Greetings, dear reader, from the Evergreen State, where my spouse and I have been sick (on and off) for the past three weeks. So…that’s been fun. I look at the reading I have to do for class, and it seems like a loose collection of words. “Am I stupid?” I keep thinking. And then, “Am I too stupid to understand this, or is my real fault in trying to chip away at the massive amount of reading I have to do while everything is hazy because my eyes just won’t focus?”
To add to my general mood of “HUH???” I received feedback from my profs on some required pre-class response questions to the readings. I’ll spare you the long introductions to my questions, as they were basically:
- How can we, as individuals, know when to push ourselves in fighting for social justice and when we need to step back for our own sakes?
- Do you think a person can self-identify as an ally without somehow dominating or co-opting the experiences of the marginalized group?
- Where is the line between informing one’s self to the experiences of others, and co-opting those experiences?
Their responses were much more multifaceted than I’m about to make them sound, but really, the reason I’m writing this is because their response to my last two questions included something along the lines of, “I think you have an opinion/answer.”
But here’s the kicker: I don’t.
That’s why I asked the questions.
I was born in Korea and I look Korean, but I can only speak English and was raised in the suburbs by and around thoroughly U.S. American white folk. I grew up in California in the 1990s, where messages of materialism and authenticity blurred together. On one hand, I believed that I could buy my way into an identity through careful study and clothing selection. On the other, I grew up with tales of the City where everyone was diverse and had deep knowledge of their roots in steep contrast to the dull, stultifying suburbs. I was (and still am) hyperaware of nuances, symbolism, and deeper meaning. And, starting about 5th grade, I felt like a fraud.
Things at home weren’t great, and when I learned about slavery, civil rights, and Jim Crow in school, a part of me knew that those were my parents’ people, my people who benefited from these systems of oppression. But I also knew that I never asked to be made a part of this. And, I knew the burning shame of feeling somehow malformed I would feel when the other girls in my elementary school class would pick me up, swing me around, and call me “China Doll” just because they could.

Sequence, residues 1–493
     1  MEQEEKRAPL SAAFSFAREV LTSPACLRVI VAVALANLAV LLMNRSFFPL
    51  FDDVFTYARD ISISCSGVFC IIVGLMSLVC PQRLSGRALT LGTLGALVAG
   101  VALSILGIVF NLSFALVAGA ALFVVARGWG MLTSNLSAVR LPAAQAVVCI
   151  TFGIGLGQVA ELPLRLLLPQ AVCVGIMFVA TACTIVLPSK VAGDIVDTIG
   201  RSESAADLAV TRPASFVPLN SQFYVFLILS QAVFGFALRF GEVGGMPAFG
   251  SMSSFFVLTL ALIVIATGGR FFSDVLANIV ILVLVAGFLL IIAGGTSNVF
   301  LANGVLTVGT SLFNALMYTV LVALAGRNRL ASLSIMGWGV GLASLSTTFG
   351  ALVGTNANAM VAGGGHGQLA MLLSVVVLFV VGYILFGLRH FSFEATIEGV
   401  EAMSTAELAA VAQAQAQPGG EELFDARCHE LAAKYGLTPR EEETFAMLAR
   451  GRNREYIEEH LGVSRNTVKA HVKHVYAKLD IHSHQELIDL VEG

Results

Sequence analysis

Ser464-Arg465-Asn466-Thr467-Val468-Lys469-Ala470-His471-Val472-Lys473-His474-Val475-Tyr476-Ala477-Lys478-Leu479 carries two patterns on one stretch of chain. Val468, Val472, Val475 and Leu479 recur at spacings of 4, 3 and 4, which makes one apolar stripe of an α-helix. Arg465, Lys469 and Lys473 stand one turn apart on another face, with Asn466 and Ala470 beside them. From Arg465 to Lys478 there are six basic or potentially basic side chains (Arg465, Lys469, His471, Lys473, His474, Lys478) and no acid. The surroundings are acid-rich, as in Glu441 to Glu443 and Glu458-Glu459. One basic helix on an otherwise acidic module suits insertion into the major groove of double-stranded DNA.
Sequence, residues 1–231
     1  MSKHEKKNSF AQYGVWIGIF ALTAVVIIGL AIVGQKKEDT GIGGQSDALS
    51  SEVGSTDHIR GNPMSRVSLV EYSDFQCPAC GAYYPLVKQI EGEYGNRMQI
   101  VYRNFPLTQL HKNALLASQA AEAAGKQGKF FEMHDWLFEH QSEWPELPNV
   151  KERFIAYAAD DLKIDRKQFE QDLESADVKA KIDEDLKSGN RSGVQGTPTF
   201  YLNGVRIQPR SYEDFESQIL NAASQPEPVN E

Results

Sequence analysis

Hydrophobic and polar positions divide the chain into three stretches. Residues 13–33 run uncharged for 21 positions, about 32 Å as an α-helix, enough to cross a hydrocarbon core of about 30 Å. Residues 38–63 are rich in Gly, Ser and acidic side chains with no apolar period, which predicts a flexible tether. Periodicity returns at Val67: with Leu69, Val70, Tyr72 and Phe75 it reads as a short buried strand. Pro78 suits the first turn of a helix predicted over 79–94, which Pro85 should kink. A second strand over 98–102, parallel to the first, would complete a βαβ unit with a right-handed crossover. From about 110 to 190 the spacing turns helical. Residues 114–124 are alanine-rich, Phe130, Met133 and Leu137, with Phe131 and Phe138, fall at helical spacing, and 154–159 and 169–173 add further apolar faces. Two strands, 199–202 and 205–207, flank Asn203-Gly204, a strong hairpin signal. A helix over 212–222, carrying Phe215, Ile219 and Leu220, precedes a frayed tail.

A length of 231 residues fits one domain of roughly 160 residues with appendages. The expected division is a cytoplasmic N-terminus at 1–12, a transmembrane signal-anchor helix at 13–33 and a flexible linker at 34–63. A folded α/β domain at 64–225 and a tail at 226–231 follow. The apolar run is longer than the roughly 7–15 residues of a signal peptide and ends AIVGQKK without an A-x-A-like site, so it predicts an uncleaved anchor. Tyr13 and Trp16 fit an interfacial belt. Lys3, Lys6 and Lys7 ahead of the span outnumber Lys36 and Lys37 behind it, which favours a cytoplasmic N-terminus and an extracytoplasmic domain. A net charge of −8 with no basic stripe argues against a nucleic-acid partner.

I may have been nervous anyways, but these dualities have made it so that ever since I became aware of them, when I close my eyes, I feel as if I am balancing on the thin side of a pane of glass that hangs over a bright, sunny void of nothing while the wind whips my hair.
So, you see, I don’t know when it’s okay to self-identify as an anything. I only know what people tell me I am. I only know what I feel like inside. I am a woman of color with an oversized sense of white guilt.
And, I don’t know where educating one’s self bleeds into appropriation, because all my life I’ve had Asians telling me it’s a shame I don’t know Korean, but to me, my skin just feels like my skin. What does that make my history?
Over the past few years, the thought has often occurred to me that I picked the wrong major—that I should have stayed in English Literature. I was so much happier, I am so much happier in books and literature analysis. I think back to my project last year. Did I ever tell you about that? It’s a comic book: a mildly sci-fi, action-y dystopian thing with Wuxia elements where women are the center, because my world too often feels dystopian, and in my world women are the center.
And maybe I don’t understand this grad school thing. Maybe it’s not for me. Or maybe that’s the illness talking. Or maybe it’s all the upset and sadness of my (undergrad) life come back to tell me that I am still too sensitive, that I still don’t understand, that I should learn how to fall in line.
Perhaps it’s e) All of the above.
For now, all I know is that I am working on knowing what I don’t know, and the truth is that a lot of things others take for granted, I simply don’t know.